Finally, to look at the clinical implications of these findings, the researchers looked at baseline D-dimer levels in a nested case control study of 85 deaths and 170 case controls from SMART without cardiovascular disease (mean 1.07 vs 0.37 ug/mL respectively, p=0.0001), and at the odds ratio of death by D-dimer quartile.

Patients with baseline levels in the upper quartile (>0.63 ug/mL) were at 13 times the risk of death compared to those with baseline levels in the lower quartile (<0.18 ug/mL), OR 13.37, p<0.0001. The trend for increased risk correlating with increased D-dimer levels was also highly statistically significant for the trend (p<0.0001).

The adjusted odds ratio associated with a 0.15 ug/mL increase was significant when looking at all deaths, major cardiovascular events and AIDS events, see Table 1.

Table 1: Adjusted odds ratios associated with a 0.15 µg/mL increase in D-dimer

Event No. of events ADj. OR 95% CI p-value
All deaths 74 1.23 1.07-1.42 0.004
Major CVD 59 1.12 1.01-1.24 0.04
AIDS 75 1.40 1.19-1.66 0.0001

The presentation concluded that these biomarker data provided additional evidence for looking at benefits of earlier treatment in the proposed START trial.

The rationale behind this new study continued in the following presentation by Fred Gordin, from VA Medical Centre and George Washington University. [2]

Gordin outlined some of the accumulating data that report that HIV is not clinically latent at CD4 levels above current guidelines for initiating therapy. Both the UK-CHIC and CASCADE cohorts show increasing event rates of AIDS events and death as CD4 counts drop to 500-650 cells/mm3, 350 – 500 cells/mm3 and 200-350 cells/mm3, and that risk is higher in treatment naive patients in each strata compared to those who have started treatment. Numerous studies have also reported significantly higher rates of non-AIDS cancers compared to HIV-negative population.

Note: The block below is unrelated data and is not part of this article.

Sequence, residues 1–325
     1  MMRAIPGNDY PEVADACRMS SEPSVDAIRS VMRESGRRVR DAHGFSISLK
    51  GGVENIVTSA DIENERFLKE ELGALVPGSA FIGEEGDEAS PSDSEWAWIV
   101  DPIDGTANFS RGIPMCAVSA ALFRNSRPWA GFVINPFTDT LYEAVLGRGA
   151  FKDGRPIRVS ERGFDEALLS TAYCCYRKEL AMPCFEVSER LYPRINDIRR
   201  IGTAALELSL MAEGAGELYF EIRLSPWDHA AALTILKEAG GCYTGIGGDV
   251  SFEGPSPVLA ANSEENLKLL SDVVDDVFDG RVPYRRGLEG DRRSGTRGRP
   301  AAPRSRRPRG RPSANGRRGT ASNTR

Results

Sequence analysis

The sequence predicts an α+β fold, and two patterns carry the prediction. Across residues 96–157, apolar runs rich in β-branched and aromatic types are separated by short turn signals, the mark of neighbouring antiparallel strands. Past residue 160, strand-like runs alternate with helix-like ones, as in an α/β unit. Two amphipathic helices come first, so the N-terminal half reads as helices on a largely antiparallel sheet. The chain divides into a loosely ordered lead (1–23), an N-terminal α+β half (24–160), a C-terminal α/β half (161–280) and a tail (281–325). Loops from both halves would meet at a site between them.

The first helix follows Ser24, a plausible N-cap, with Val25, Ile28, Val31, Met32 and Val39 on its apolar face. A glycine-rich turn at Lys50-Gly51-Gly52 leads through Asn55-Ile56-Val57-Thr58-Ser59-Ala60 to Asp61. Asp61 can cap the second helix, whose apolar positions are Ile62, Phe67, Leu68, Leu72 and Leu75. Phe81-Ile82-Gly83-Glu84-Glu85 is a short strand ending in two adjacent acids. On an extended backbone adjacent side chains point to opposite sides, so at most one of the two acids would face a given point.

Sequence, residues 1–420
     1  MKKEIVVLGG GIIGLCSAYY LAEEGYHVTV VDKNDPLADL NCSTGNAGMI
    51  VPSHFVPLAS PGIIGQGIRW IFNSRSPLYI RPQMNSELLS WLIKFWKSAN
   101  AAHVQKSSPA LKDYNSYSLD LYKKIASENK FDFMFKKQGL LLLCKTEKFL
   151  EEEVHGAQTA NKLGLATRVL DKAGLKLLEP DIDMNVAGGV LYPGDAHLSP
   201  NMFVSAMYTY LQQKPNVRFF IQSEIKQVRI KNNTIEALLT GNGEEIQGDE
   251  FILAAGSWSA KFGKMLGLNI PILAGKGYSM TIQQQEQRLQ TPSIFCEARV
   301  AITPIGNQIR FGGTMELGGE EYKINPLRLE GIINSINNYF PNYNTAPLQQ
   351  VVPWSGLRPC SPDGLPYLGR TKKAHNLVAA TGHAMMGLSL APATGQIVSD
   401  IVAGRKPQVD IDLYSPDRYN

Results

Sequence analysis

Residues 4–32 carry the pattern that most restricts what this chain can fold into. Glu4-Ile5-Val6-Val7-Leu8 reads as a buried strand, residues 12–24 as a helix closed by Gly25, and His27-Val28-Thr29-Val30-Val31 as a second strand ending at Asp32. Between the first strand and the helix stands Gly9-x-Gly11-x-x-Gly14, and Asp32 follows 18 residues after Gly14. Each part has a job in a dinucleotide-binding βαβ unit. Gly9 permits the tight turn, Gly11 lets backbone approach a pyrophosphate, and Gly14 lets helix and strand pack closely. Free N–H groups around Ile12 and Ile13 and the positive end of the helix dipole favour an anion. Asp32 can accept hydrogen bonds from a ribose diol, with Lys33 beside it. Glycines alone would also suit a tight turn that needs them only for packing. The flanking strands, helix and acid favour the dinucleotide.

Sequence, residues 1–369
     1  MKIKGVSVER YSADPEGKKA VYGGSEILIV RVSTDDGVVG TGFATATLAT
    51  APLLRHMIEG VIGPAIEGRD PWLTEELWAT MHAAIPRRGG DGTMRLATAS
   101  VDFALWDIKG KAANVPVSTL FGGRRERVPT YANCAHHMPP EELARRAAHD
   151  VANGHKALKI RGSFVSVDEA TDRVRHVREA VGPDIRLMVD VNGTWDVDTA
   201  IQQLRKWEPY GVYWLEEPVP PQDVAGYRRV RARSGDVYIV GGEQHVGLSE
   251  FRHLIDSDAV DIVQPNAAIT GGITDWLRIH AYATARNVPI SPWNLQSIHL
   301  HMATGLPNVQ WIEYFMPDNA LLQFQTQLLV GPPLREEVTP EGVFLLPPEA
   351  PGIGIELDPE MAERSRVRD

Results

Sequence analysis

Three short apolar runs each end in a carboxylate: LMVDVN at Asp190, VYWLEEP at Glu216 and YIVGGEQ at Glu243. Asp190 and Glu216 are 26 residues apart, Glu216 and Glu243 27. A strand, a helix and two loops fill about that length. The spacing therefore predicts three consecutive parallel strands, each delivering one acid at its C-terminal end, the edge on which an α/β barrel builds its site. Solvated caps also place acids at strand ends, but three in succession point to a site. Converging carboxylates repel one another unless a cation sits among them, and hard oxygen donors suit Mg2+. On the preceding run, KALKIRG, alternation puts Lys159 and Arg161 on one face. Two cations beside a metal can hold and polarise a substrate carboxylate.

The SMART study was closed early because both AIDS rates ‘and’ serious non-AIDS events (cardiovascular, renal, hepatic) that prior to the trial were assumed to be related to HAART-related toxicity – occurred at higher rates in the treatment interruption arm.

An analysis of the subset of approximately 500 patients in the SMART study who were treatment naive or on a treatment interruption at baseline also provided a source of looking at patients randomised to starting at earlier vs deferred treatment.

All serious endpoints occurred at a significantly higher rate in the deferred (treatment interruption) arm compared to patients who started treatment and remained on continuous treatment (early treatment), see Table 2.

Table 2: Event rate in patients not on treatment at randomisation to SMART trial

Event Treatment interruption (deferred Tx) Continuous treatment (early Rx) HR deferred vs early [95% CI] p-value
N rate N rate
OD or death 15 4.8 4 1.1 4.4 [1.5, 13.2] 0.009
OD fatal or non-fatal 11 3.5 3 0.8 4.4 [1.2, 15.8] 0.02
Serious non-AIDS 12 3.9 2 0.5 7.1 [1.6, 31.5] 0.01
Composite 21* 7.0 5 1.3 5.1 [1.9, 13.5] 0.001